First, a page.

Monday, January 14, 2008

How to Leash Train a puppy

Large or small, every puppy should be trained to walk politely on a leash. They should be taught not to pull and to walk calmly by your side for their own health and safety. This will make trips to the vet or to your local dog supply store much more pleasant for both you and your pup.

Begin leash training by fitting a buckle collar on your puppy. This collar should be loose enough to slide a finger or two fingers for a larger dog under the collar. Most of the collars today adjust by 4-6 inches so the collar you buy should last for at least a few months and longer for smaller dogs. Once you have the collar adjusted correctly, turn the puppy loose and let it get accustomed to it. It is normal for them to scratch at their new collar as it moves their hair but they will get used to it in a short time.

Next, attach your leash, put a few treats in your pocket and carry your puppy outside. Set the puppy down and walk a step. The puppy may very well follow right along and if he does, praise him a lot and give him a small treat. If the pup stops or pulls on the leash, do not drag him. Give a small tug on the lead and then release it and call him to you. Repeat tug and release until it takes a step towards you, then praise him and give him a treat. Usually within a few minutes, he will get the idea and start walking more or less with you. Be patient, however, this is a big step for a baby and an important lesson. End this lesson on a positive note, even if the puppy just took a few steps in the right direction.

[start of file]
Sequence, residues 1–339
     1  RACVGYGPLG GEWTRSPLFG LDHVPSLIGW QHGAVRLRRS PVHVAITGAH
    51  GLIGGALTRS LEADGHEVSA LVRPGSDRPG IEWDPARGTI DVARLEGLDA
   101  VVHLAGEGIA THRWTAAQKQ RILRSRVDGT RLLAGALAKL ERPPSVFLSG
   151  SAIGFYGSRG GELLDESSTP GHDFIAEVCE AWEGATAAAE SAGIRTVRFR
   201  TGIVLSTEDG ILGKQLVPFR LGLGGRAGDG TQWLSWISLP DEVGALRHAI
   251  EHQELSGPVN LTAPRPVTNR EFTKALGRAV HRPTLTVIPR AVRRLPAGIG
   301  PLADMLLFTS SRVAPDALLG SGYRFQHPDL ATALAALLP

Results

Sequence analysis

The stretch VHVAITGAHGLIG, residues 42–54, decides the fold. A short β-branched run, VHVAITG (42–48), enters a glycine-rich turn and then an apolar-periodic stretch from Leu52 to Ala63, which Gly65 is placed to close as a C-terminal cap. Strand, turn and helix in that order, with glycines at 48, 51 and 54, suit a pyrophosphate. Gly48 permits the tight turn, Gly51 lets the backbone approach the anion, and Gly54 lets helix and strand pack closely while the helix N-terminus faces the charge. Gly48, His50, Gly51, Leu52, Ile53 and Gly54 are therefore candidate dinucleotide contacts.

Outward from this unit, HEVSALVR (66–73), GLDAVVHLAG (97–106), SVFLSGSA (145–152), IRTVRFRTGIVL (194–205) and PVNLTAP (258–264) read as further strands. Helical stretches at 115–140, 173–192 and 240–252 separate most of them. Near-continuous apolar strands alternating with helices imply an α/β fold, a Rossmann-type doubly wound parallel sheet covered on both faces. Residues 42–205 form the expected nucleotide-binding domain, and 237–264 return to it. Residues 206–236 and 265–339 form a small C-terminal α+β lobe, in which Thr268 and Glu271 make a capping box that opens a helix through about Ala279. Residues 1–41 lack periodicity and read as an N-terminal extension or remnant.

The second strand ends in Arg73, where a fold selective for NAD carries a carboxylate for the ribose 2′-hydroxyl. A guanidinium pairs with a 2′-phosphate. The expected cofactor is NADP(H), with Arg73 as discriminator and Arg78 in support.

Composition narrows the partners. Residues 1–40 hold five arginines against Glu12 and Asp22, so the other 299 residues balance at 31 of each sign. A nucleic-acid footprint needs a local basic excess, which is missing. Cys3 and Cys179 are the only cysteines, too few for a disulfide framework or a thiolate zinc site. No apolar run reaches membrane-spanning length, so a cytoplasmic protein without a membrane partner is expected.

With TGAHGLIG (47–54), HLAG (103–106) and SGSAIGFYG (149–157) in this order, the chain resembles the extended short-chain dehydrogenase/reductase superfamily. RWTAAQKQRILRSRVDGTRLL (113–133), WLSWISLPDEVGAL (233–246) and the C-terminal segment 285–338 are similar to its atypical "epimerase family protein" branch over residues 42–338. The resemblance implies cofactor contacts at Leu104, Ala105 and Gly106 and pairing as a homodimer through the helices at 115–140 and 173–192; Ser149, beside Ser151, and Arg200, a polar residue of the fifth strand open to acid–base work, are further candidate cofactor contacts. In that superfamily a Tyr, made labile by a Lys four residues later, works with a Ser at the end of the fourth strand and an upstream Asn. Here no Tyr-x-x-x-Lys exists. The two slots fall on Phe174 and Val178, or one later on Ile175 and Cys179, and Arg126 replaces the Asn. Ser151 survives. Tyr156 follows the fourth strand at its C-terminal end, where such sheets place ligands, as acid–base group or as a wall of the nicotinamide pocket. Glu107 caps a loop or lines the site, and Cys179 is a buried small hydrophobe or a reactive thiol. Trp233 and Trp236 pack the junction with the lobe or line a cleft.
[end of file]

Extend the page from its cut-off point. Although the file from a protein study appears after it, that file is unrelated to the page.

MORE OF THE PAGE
Eventually, your puppy will get the idea that the leash means forward motion and you will go from you trying to get it to move, to it dragging you. If the pup is dragging on the leash, give it a small tug back and then let the leash go slack. Praise you puppy. It is important to keep your lead loose most of the time. If you are putting pressure on the leash, you are teaching the pup to lean against it and this can cause health issues later in its life. Give a series of tugs when your puppy starts to pull and talk to him while you are doing it. If his attention is on you, he will not pull and he will quickly learn that as long as he is beside you, the leash is loose.

An early start to leash training your puppy makes the whole process easier as younger puppies want to follow your feet. After the first lesson or two, your puppy should be walking willingly at your side without pulling or dragging. This is the first step to having a companion who is a joy in your life.

1 comment:

Anonymous said...

I am reading this article second time today, you have to be more careful with content leakers. If I will fount it again I will send you a link